I finally dragged my eyes open at around 8am, which was unfortunate, as we had envisioned getting on the road closer to 7 or 7:30. I rolled over and texted my Mom, “Woke up late, story of my life, will be there closer to noon-ish.”
One of a kind and always late…
Most triathletes, cyclists, and all around sporty-spice people are early risers. I have friends who often end their runs before the sun comes up. I am in bed until the sun comes up unless it’s an absolute necessity. I’ve gotten to points where I have regularly been able to wake up in the 7am hour, but as soon as I take a break my normal body rhythm goes directly back to waking up as close to 9-10am as I allow it.
My husband and I both plodded out of bed to do our respective pre-bike things. This morning, since I was groggy, I pretty much walked around in a fog forgetting how to be a human, and he did just about everything – filling our bottles, finding the helmets, and pumping up the tires. We trade off being the one who can actually function before noon and today was not my day.
Finally, we had all our ducks in a row and coasted out the driveway a few minutes before 9am. The air still had a little refreshment in the wind gusts, in the shade at least, but I could tell that would be short lived. Our neighborhood was still pretty sleepy itself, with just a few people setting out to take their dogs for a morning stroll, and traffic seemed to be following suit. It’s a refreshing change from 9am on a weekday, when everyone out and about is cranky because they’re probably late to work, these people are most likely out to start a day off of shopping, or brunch, or something somewhat enjoyable.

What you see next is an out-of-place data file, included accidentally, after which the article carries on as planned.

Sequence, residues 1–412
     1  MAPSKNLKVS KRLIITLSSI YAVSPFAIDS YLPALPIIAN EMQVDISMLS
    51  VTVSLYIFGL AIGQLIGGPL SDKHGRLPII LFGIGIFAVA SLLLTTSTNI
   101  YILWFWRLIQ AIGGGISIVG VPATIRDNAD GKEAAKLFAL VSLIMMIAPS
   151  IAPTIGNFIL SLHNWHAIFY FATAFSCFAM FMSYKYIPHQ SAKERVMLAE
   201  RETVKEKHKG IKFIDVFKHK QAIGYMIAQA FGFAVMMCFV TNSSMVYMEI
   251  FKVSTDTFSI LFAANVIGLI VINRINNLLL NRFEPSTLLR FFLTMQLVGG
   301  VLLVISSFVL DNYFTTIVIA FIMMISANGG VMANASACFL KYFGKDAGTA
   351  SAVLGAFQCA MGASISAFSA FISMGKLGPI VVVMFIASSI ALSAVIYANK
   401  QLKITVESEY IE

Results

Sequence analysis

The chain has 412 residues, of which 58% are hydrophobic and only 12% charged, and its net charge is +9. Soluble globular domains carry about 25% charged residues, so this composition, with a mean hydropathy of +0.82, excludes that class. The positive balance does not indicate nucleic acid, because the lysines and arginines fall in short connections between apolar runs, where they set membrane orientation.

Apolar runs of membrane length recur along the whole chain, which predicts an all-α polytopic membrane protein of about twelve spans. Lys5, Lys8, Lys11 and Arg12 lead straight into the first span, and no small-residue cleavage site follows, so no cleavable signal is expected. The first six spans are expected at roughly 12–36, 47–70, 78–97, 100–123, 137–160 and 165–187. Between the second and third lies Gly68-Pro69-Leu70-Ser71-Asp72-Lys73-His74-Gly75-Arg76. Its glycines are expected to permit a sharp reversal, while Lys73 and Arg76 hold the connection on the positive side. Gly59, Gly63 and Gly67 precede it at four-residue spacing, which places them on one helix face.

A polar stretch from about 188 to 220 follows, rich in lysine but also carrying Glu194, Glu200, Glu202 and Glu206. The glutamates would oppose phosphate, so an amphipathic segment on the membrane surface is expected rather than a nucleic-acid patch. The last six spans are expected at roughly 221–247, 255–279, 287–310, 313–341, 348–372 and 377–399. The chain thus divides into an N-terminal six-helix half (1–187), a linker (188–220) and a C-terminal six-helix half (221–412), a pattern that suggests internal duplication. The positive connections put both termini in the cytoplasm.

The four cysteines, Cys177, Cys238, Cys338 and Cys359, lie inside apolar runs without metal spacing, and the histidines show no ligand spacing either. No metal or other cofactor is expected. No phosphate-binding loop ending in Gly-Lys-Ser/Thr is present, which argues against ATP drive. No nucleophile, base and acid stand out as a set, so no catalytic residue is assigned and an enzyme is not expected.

We were heading north that day for two reasons. First, our plan included an 80 mile ride, and my parents’ house is exactly 38.5 miles from ours. Second, Austin City Limits music festival was downtown (about 10 miles the opposite way), and with the thousands of natives and visitors partying it up down there… you either go embrace it or stay the hell away. Since we weren’t doing the former, we wanted to avoid it like the plague.
To go north from our neighborhood, there are two decent options – either up Metric, which has hills but they aren’t steep, or up Steck-o-slavakia (as the Strava segment calls it), and you get the climbing done with straight away and all at once about a mile and a half into your ride. Metric is the most direct route, but Steck leads to Rudy’s breakfast tacos, so of course, that won. We huffed our way up and meandered through streets and parking lots until we turned into our favorite bike breakfast place.
Here’s the thing. I eat pretty healthy most of the time. However, I’ve made the agreement with myself that anything I eat during a bike ride doesn’t count in the grand scheme of things. The bonus of this? I can now eat almost anything on the bike. Real food is so much tastier than dumb old gu gels, and I knew the time for those would come later, so I enjoyed the heck out of the peppery bar-b-que sauce, salty beef, and soft warm flour tortilla. I enjoyed it quickly, because, as we slept in, we were behind schedule.